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Prediction of pollutants in Gas Turbines using Large Eddy Simulation

Event Type: 
Date and Time: 
Friday, February 10, 2017 - 16:15
CTR Conference Room 103
Event Sponsor: 
Parviz Moin, Director of Center for Turbulence Research
Thomas Jaravel, CTR Postdoctoral Fellow, Stanford University

Stringent regulations of pollutant emissions now apply to new-generation combustion devices. To achieve low nitrogen oxides (NOx) and carbon monoxide (CO) emissions simultaneously, a complex optimisation process is required in the development of new concepts for engines. Already efficient for the prediction of turbulent combustion, Large Eddy Simulation (LES) is also a promising tool to better understand the processes of pollutant formation in gas turbine conditions and to provide their quantitative prediction at the design stage. In this work, a new methodology for the prediction with LES of NOx and CO in realistic industrial configurations is developed. It is based on a new strategy for the description of chemistry, using Analytically Reduced Chemistry (ARC) combined with the Thickened Flame model (TFLES). An ARC with accurate CO and NO prediction is derived, validated on canonical laminar flames and implemented in the LES solver. The accuracy of this approach is demonstrated with a highly resolved simulation of the academic turbulent Sandia flame D, for which excellent prediction of NO and CO is obtained. The methodology is then applied to two industrial configurations. The first one is the SGT-100, a lean partially-premixed gas turbine model combustor studied experimentally at DLR. LES of this configuration highlights the chemical processes of pollutant formation and provides qualitative and quantitative understanding of the impact of the operating conditions. The second target configuration corresponds to a mono-sector prototype of an ultralow NOx, staged multipoint injection aeronautical combustor developed in the framework of the LEMCOTEC European project and studied experimentally at ONERA. An ARC for the combustion of a representative jet fuel surrogate is derived and used in the LES of the combustor with an Eulerian formalism to describe the liquid dispersed phase. Results show the excellent performances of the ARC, for both the flame characteristics and the prediction of pollutants.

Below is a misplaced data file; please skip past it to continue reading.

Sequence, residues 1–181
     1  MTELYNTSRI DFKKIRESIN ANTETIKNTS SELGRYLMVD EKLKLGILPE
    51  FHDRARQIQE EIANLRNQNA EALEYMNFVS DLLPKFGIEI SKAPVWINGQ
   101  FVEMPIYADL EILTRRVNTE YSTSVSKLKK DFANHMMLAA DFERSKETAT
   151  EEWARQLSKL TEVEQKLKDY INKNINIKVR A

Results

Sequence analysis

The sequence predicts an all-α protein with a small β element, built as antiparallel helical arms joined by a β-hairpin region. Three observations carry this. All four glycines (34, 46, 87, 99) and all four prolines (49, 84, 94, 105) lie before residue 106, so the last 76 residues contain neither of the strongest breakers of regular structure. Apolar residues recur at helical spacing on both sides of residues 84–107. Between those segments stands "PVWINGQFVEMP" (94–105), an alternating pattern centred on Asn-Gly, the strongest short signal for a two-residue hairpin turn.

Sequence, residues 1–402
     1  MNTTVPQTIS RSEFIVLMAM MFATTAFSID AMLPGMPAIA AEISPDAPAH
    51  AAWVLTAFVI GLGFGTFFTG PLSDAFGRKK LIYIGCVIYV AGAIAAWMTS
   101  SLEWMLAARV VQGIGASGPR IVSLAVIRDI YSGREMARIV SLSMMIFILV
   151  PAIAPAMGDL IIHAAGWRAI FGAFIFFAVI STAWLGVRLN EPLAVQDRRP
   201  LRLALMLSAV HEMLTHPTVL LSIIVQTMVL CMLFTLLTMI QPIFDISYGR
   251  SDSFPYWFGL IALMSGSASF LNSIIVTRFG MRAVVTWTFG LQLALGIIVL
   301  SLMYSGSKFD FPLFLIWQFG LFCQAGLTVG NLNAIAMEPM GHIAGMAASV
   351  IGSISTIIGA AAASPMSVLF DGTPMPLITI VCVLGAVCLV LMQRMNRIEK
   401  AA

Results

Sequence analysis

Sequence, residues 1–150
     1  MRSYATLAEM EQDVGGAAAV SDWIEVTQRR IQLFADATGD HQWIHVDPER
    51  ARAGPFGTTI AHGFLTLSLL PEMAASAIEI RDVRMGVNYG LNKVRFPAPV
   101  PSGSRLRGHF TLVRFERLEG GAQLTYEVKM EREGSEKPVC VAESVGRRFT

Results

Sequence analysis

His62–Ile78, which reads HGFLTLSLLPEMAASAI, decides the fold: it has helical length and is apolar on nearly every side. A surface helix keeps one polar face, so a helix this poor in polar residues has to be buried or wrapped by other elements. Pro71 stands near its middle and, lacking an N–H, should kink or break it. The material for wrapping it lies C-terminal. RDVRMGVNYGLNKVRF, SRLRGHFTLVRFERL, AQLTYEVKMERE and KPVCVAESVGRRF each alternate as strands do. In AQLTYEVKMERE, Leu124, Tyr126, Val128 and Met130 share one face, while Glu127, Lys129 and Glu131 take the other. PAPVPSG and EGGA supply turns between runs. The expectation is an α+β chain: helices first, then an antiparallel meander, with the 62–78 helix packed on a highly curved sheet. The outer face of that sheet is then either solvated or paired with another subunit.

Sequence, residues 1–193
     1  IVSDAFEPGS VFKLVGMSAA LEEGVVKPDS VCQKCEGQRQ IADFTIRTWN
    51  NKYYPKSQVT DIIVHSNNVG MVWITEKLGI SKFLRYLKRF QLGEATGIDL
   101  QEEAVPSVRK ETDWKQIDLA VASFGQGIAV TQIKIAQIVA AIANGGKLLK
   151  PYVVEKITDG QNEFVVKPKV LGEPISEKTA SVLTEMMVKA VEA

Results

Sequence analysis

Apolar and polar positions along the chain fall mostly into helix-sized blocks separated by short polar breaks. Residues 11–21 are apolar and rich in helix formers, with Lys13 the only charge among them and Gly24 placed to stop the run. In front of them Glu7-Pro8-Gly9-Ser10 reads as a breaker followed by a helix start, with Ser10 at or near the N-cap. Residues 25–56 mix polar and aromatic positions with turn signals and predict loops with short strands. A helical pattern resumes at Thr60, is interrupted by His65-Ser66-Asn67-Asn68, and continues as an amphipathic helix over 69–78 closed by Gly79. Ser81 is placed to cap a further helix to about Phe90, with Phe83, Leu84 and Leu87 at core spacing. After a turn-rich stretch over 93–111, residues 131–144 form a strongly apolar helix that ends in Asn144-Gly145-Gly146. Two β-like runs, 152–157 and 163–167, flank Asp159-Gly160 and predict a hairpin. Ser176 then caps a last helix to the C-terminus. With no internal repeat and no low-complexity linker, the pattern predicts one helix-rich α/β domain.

Dr. Jaravel graduated from Ecole Polytechnique (Paris-Saclay) in mechanical engineering and applied mathematics and from Supaéro (Toulouse) in aerospace engineering. He received his PhD in 2016 from Institut National Polytechnique (Toulouse), conducted with CERFACS and Safran Aircraft Engines. His research focuses on Large Eddy Simulation (LES), chemical kinetics and two phase flow combustion. Dr. Jaravel joined the Center for Turbulence Research on January 16, 2017.